This section focuses on some of the questions you should ask potential SaaS vendors. By no means complete, these questions should, however, cover many of the important issues. Each question is followed by a brief explanation of the question’s purpose and what one should expect in the vendor response.
Business requirement questions:
The first and foremost aspect to consider when talking to a vendor is whether the vendor’s product fits your business needs and existing workflows. Every business is unique and your SaaS vendor should be able to meet the specific business needs of your organization. The following questions should help buyers get started and can be followed up with questions regarding specific needs.
• Does your SaaS application(s) meet the functional requirements of my business?
• Will your application fit the ever-changing needs of my business as time goes by?
• Does your application require that I significantly alter my existing business workflow?
It is very important that the SaaS application being evaluated fits your existing workflows without significant disruption. There will always be some amount of disruption when transitioning from one application to another, however you don’t want the disruption to force a complete revamp of your existing business processes.
Many of the leading SaaS applications are in fact more customizable than their on-premises counterparts – they just accomplish this through flexibility and configuration options rather than via custom programming or
The reliability questions:
When migrating from a traditional desktop environment to a SaaS
environment, inevitably you give up some control of your data. This should not discourage users from using SaaS applications, however because they still provide tremendous benefits that outweigh the risks. One important issue, though, is the long-term reliability and viability of the vendor. Committing to a SaaS solution, only to have the vendor go out of business, could potentially cause a significant disruption to business activities. The following questions should give buyers an idea about the longevity of the vendor.
• How reliable are you - do you provide references, case studies and third party assessments?
• Do you have information available about your physical location and telephone number?
• Do you have information about your top management on your site? • Do you have just a handful of customers, or thousands or
tens of thousand?
• Are you a publicly listed company? And if not do reputable investors fund you?
• Are you well covered by traditional media and technology blogs? • Are you active in blogs and social media sites?
Even though these questions will not offer a foolproof guarantee, it will give a fairly good idea about reliability.
The availability questions:
In the traditional desktop environment, applications exist on physical hardware located within the organization, so users have significant control over availability. In the SaaS environment, however, users are reliant on the SaaS vendors. Therefore, high availability is a crucial aspect to be assessed. Also if something goes wrong, your SaaS vendor should have multiple copies of your data to ensure retrievability if there is a catastrophic failure. The following questions will help buyers understand whether the SaaS vendor can meet availability requirements.
• Do you offer a Service Level Agreement (SLA) for your services? If yes, how many 9’s does it have (look for 99.9% to 99.999%
• Do you have a transparent, public site where you publish any system issues or outages for everyone to see?
• Do you offer compensation commensurate with any potential financial loss if my business suffers due to lack of availability? Will you compensate me automatically or do I need to ask for it?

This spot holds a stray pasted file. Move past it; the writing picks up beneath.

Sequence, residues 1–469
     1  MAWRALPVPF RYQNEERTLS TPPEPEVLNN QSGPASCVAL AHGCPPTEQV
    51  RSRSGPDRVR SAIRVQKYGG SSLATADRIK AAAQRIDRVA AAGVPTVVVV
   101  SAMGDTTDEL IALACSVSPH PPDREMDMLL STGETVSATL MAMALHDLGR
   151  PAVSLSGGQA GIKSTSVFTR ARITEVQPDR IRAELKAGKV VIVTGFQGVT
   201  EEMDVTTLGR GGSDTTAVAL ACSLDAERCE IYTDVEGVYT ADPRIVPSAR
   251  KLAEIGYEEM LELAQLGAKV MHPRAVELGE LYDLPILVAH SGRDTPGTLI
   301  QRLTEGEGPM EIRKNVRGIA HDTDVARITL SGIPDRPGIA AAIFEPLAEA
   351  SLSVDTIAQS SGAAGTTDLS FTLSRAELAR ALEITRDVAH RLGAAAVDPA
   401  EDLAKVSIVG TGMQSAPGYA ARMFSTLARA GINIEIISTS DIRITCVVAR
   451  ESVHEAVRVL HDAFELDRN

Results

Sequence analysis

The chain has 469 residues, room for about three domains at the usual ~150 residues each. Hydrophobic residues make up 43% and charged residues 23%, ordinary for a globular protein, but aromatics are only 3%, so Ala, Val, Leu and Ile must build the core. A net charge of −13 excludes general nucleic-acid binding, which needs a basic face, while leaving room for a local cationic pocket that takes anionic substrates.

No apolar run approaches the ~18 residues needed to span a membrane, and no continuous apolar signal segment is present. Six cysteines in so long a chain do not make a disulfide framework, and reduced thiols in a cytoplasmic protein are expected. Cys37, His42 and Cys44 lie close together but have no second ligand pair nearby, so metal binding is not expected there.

• Do you have the applications and data stored in several geographically separated datacenters? If yes, how many datacenters do you have? If geographically distributed datacenters are used, what countries are involved?
• Is there a disaster recovery strategy in place? How frequently is it tested? • How many copies of the data are backed up? How often is
The upgrades, maintenance and outages questions:
It is important that any downtime due to upgrades, maintenance and outages is minimal and done without affecting your operations significantly. The following questions will help you understand how the SaaS vendor does these house-cleaning tasks.
• Approximately, how often do you upgrade your application?
• Will these upgrades impact my use of the application, and if so what time of day and for how long will I be affected?
• How and when will you notify me about any scheduled maintenance? • How do you handle support? How can I contact you to get more
information about unscheduled or extended downtime?
• Is there any fine print in your SLA regarding maintenance related issues? For some businesses, non-availability of key applications can be an
The security questions:
When using applications hosted by third party vendors, data security is paramount. Even though the following questions are not exhaustive, they should help you understand how secure your data is.
• What is your approach to service security? Can you offer an overview of your general security approach?
• What security procedures are in place at the datacenter? How many technicians have access to my data and how well are those technicians vetted before they are given access?
• What are the security measures you use to authenticate users? • What level of encryption do you offer to protect my data?
• How secure is your application and do you work with any independent security vendors to vet the overall security of your product?
• Are you SAS 70 Type II audited ? What are your plans for SSAE-16? • Are you compliant with the regulations applicable to my business?
The privacy questions:
There are two aspects of privacy that need to be considered when using SaaS applications: the privacy of user information and the privacy of user data. The following set of questions will offer some clue into how the vendor handles privacy.
• What are the important data related laws in the countries where your infrastructure is located?
• Do you use customer data to promote your business through
advertisements and do you sell customer behavior/information to third parties for marketing?
• What are your policies relating to the legal aspects of data being stored offsite on third party hardware? I have concerns about my data being subpoenaed or breaching some arcane regulation, please explain these issues as they relate to my business.